I've been working in online gaming for many years but i've always had a love for board gaming. I'm a great believer in paper prototyping any game or feature too.

I wondered what are the major pitfalls or techniques that board game designers use when they come to designing a boardgame to methodically work through the problems they find?

Having the ideas is the easy bit, but what can I do to effectively work from prototype to completion?

Any tips are welcome.

  • This sounds extremely broad to me, but maybe someone can't point you towards some exiting resources.
    – ikegami
    Apr 7 '15 at 15:29
  • @kinnith -- note the related questions list here. There are probably some relevant ideas in them. I, for one, am sorry that this was closed. Maybe there should be a separate 'discussions.foo.SE' like there is a meta.foo.SE for every foo on stack exchange. I get that they are looking for Q&A here, but you have all these people together with the interest and expertise, it's a shame to shut down open ended things like this without getting the really good stuff that I think would come out of it. Maybe I'll put a post on meta.stackexchange about it. Bookmarking :)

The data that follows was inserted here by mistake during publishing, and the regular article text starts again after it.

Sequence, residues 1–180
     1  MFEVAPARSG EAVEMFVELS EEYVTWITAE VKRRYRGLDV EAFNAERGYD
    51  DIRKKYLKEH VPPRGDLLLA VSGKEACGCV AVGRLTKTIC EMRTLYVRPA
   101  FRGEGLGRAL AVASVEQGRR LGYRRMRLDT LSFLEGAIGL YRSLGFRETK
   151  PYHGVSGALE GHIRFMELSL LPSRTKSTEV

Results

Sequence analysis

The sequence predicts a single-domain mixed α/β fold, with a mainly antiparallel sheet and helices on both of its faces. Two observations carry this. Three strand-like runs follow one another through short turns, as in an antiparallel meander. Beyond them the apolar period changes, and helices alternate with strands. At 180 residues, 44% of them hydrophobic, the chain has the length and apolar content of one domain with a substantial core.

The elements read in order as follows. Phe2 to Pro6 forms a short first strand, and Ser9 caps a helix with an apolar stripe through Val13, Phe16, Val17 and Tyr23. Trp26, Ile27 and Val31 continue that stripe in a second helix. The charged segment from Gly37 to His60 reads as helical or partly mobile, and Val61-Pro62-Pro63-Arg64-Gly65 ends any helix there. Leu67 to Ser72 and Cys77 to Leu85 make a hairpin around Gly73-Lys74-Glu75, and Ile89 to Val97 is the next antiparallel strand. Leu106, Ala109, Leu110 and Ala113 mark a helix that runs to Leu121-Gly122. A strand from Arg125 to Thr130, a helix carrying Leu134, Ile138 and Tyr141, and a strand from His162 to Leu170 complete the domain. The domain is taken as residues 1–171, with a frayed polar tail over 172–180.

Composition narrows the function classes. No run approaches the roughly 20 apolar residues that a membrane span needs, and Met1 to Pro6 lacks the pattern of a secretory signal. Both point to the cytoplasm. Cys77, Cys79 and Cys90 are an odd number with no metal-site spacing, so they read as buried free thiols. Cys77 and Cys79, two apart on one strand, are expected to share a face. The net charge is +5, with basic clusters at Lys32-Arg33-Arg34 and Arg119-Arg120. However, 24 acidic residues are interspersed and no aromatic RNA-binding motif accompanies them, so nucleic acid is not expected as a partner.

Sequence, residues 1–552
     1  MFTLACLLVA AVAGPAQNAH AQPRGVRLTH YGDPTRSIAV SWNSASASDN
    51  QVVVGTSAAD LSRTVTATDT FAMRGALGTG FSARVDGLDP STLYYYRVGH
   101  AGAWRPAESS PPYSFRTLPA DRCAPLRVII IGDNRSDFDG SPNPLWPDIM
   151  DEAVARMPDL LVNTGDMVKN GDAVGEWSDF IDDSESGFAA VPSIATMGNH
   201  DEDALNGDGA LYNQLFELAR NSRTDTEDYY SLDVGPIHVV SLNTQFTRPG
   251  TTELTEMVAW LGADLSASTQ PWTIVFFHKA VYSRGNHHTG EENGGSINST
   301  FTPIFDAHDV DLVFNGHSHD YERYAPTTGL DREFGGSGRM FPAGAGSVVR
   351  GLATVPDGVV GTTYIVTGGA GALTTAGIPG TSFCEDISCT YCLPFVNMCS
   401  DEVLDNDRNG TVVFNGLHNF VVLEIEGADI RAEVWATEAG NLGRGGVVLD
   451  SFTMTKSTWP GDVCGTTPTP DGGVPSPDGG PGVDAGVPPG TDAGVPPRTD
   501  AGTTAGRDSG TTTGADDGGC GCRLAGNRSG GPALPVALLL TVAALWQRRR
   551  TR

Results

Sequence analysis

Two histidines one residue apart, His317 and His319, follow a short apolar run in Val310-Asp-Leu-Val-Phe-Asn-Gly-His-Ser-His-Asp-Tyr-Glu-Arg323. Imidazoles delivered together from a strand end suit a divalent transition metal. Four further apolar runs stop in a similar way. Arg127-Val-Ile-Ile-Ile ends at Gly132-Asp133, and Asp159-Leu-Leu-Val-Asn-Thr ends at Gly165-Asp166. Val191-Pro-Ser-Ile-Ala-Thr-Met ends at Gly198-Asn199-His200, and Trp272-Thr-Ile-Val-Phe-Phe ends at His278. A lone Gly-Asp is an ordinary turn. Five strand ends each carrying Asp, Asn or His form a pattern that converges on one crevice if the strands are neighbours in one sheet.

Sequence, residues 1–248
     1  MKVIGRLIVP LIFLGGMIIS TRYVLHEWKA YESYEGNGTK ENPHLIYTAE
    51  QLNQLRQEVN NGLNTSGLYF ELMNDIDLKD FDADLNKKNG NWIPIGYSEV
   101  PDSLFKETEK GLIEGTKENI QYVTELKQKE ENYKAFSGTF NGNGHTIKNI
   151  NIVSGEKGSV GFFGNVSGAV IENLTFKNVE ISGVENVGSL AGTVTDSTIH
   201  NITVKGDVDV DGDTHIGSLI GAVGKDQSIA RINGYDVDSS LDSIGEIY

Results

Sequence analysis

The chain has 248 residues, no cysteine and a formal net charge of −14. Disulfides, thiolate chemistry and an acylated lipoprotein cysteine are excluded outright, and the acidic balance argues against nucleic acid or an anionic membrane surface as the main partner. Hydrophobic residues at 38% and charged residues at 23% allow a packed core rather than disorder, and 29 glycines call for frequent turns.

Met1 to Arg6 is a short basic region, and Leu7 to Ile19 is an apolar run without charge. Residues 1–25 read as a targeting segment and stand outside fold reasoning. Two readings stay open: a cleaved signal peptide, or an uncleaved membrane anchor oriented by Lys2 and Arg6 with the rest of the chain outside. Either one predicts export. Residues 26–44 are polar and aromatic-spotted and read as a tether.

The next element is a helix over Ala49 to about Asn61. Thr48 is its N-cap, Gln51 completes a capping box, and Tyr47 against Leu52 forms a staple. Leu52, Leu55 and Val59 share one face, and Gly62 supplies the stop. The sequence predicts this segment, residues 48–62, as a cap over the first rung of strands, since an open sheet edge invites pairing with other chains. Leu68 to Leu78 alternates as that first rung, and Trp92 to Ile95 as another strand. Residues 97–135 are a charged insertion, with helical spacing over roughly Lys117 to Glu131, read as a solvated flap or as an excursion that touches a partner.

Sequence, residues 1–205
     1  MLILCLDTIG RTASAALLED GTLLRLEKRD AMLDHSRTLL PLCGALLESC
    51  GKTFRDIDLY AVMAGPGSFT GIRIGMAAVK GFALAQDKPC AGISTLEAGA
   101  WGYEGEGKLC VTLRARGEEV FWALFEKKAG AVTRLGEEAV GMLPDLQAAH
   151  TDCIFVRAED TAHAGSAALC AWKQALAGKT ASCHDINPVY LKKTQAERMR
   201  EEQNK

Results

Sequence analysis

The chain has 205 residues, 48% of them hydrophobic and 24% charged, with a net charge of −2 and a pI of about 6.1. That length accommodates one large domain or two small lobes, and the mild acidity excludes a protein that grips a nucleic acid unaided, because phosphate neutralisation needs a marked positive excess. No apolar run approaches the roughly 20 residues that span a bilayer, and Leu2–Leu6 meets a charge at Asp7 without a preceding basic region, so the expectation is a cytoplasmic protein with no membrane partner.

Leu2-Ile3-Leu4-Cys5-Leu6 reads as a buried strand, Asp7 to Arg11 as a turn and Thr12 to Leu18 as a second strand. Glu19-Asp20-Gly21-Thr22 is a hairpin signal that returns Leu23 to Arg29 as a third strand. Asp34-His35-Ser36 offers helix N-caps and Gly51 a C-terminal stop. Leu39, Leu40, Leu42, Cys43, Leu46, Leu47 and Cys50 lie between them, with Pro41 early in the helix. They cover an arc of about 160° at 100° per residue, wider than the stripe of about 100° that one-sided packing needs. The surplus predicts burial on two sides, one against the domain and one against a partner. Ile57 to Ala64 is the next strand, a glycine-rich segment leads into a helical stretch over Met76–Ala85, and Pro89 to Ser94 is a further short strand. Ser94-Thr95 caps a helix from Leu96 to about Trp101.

– msouth
    Apr 14 '15 at 15:46

This may be too niche of an "answer" but I occasionally go to a Beer & Board Games event at a local pub where people in the group bring their games and it's like there's a mini board game library running for the night.

Anyhow, sometimes someone shows up with a "prototype" game and advertises that he's developing his board game and would like to play test it. It's basically small scale closed beta testing to help test and polish game mechanics. It also helps that he can rotate through pools of play testers rather than reuse the same group each time.

So basically, get your game into a "sort of playable" state and take it out to board game events or get friends to come play it then iterate based on how that goes. What you change and why is, of course, the tricky part. :p

Also, don't worry about NDAs or people "stealing your idea"... you have more important things to focus on.

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